Methamphetamine-induced oxidative stress in cultured mouse astrocytes.
Methamphetamine (METH) is a monoaminergic toxin that destroys dopamine terminals and causes astrogliosis in vivo. Oxidative stress has been shown to play an important role in the toxic effects of METH. In the present study, we sought to determine whether astrocytes are involved in METH-induced oxidative stress. Reactive oxygen species (ROS), ATP, and change in mitochondria membrane potential (ΔΨm) were examined in cultured striatal, mesencephalic, and cortical astrocytes after 4 to 48 h of 4 mM METH treatment. Results showed that only striatal and mesencephalic astrocytes showed a significant increase in ROS formation from 8 and 12 h, respectively. At 48 h treatment, there was a 55 and 53% increase in ROS content in striatal and mesencephalic astrocytes, respectively, whereas cortical astrocytes showed only a 25% (not significant) increase. JC-1, a ΔΨm-sensitive dye, showed a decrease in ΔΨm at 8 h treatment for striatal and mesencephalic astrocytes and at 12 h for cortical astrocytes. Astrocytes from all three regions showed a similar pattern of initial increase followed by a decrease in ATP content, with striatal astrocytes resulting in a maximum depletion (39% of control value) at 48 h treatment. These findings showed that METH treatment resulted in the formation of ROS in the order of striatal > mesencephalic > cortical astrocytes. Although the formation of ROS did not severely interfere with ATP production, a depolarization of mitochondria was observed. The present study suggested that astrocytes may be an important element governing the selective vulnerability to the striatum to METH-induced oxidative stress.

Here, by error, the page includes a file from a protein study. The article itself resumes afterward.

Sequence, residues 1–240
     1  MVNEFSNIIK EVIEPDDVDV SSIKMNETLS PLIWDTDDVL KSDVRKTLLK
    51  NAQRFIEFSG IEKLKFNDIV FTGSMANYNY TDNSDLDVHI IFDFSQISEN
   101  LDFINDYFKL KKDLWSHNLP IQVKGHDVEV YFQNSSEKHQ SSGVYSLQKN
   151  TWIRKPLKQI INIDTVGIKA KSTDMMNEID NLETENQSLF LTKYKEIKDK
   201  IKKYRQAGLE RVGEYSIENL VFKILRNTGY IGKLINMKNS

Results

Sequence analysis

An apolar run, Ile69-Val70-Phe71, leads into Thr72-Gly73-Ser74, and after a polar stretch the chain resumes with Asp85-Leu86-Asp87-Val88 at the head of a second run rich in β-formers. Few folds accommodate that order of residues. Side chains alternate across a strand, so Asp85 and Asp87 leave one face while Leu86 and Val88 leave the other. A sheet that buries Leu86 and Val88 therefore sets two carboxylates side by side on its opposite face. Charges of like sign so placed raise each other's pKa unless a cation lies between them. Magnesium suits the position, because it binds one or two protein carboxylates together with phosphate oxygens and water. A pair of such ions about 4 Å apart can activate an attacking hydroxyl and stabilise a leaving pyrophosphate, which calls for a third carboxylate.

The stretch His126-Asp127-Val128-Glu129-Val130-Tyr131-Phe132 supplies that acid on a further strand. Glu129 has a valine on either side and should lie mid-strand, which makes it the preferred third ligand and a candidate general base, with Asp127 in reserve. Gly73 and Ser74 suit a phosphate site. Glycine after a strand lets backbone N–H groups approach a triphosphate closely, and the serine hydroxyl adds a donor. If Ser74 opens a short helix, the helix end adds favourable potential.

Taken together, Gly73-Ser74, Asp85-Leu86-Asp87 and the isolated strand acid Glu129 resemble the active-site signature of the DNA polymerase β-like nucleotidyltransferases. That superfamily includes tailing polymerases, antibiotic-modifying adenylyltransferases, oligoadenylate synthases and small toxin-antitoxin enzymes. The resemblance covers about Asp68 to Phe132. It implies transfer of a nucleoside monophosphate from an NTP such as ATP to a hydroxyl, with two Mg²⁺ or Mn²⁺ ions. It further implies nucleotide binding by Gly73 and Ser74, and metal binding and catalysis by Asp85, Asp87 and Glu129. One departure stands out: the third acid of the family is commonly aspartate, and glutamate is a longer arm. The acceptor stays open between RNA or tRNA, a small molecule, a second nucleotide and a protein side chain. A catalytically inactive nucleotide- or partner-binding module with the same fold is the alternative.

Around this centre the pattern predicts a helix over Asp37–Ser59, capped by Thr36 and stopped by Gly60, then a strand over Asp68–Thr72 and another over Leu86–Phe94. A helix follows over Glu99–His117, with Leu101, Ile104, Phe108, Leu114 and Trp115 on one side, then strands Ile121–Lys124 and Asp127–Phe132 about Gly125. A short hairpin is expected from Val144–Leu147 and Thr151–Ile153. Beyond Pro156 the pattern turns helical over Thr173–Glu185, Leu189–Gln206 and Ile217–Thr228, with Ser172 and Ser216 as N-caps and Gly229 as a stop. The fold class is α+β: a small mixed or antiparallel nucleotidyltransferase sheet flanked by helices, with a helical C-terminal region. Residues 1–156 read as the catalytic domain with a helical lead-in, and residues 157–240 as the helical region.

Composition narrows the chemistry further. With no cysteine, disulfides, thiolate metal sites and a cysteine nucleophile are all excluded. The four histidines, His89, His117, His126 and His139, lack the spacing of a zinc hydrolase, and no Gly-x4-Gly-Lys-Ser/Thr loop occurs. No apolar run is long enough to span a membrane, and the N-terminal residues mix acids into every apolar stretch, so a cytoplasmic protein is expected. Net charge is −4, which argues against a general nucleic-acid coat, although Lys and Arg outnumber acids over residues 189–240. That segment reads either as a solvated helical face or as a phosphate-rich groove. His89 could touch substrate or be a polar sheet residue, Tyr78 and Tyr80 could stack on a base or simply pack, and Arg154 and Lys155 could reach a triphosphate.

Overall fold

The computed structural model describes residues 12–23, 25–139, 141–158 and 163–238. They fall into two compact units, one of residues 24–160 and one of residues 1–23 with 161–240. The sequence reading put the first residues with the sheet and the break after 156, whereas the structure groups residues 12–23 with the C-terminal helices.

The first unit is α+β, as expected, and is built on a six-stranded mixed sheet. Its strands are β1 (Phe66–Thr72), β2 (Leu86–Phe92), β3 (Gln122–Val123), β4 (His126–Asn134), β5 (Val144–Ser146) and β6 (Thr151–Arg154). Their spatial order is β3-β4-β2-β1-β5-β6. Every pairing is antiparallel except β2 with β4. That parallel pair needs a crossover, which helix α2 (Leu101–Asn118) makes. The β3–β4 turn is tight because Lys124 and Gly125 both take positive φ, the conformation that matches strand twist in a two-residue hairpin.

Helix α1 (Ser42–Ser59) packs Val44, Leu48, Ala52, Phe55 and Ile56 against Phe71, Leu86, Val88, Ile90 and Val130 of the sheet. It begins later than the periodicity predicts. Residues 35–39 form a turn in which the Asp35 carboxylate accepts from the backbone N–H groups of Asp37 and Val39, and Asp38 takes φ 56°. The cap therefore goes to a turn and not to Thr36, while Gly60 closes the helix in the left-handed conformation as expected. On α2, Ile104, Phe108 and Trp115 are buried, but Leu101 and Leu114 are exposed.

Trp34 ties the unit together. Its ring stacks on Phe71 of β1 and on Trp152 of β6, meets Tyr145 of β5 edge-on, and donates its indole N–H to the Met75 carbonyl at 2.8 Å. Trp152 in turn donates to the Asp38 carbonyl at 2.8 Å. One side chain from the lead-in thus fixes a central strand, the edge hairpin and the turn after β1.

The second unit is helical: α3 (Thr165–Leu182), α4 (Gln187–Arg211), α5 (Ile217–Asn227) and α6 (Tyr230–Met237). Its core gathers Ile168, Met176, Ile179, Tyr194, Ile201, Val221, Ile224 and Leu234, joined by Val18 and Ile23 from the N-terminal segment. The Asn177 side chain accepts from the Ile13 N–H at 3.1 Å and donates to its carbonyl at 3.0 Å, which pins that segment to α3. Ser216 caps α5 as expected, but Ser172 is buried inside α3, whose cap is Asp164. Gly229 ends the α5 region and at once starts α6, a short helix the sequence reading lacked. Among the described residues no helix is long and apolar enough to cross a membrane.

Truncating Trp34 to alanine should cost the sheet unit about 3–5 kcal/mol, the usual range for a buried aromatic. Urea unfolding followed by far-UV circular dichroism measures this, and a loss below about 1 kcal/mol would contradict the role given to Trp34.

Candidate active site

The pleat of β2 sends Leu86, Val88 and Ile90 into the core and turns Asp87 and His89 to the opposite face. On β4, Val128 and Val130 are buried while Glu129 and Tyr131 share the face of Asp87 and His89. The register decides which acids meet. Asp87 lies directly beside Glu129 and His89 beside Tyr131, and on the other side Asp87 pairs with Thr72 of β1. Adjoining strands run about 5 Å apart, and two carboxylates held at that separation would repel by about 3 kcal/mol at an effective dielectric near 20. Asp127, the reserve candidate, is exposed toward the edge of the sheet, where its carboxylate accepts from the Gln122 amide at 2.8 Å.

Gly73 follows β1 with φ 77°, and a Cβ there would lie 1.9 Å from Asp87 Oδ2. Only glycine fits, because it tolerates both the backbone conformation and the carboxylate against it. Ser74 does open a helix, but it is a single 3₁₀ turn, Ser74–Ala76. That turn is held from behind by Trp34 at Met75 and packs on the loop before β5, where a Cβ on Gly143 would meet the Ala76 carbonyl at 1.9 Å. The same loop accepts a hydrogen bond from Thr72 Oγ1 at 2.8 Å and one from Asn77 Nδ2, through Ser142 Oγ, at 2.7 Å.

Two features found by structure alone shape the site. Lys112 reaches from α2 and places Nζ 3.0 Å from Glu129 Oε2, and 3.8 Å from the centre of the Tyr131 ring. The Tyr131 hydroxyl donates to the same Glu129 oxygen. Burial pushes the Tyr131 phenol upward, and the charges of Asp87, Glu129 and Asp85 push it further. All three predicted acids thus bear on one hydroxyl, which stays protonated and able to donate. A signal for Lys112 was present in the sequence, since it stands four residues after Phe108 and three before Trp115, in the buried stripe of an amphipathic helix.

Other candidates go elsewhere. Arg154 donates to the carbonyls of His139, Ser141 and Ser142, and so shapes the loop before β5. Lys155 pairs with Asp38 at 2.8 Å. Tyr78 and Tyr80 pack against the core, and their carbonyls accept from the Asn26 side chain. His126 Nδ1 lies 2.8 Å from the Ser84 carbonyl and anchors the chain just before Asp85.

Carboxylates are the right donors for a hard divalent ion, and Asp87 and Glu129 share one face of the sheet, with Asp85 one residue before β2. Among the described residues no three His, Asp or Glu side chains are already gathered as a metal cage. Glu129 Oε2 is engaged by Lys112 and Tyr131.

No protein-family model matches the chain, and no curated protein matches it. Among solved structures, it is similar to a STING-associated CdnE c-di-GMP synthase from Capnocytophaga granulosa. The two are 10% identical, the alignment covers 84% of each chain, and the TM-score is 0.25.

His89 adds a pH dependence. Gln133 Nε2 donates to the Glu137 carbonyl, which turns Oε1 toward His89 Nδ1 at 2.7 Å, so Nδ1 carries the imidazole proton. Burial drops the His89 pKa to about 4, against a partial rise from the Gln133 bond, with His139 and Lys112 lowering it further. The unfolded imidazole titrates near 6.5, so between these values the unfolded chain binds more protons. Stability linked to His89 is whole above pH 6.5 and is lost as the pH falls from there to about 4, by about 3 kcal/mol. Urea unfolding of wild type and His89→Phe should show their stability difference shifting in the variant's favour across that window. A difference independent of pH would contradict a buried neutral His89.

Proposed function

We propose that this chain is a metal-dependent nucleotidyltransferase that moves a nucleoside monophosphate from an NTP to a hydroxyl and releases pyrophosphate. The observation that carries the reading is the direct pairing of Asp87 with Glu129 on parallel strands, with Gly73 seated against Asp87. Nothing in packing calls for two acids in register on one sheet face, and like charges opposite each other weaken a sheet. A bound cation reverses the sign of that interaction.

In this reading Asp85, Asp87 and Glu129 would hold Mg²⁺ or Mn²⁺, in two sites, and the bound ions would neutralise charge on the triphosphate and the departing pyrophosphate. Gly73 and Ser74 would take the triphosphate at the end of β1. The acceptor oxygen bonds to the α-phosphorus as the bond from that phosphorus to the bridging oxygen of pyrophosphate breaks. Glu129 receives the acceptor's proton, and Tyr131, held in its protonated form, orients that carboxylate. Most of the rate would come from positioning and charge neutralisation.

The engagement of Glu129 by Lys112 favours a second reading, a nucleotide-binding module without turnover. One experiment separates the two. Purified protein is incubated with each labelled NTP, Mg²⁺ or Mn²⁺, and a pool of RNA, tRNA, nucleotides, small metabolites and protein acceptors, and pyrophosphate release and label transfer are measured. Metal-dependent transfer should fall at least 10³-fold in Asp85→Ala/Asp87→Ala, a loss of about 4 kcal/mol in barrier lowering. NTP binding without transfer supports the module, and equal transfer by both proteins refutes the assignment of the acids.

Annals of the New York Academy of Sciences
PRE2009-Central Nervous System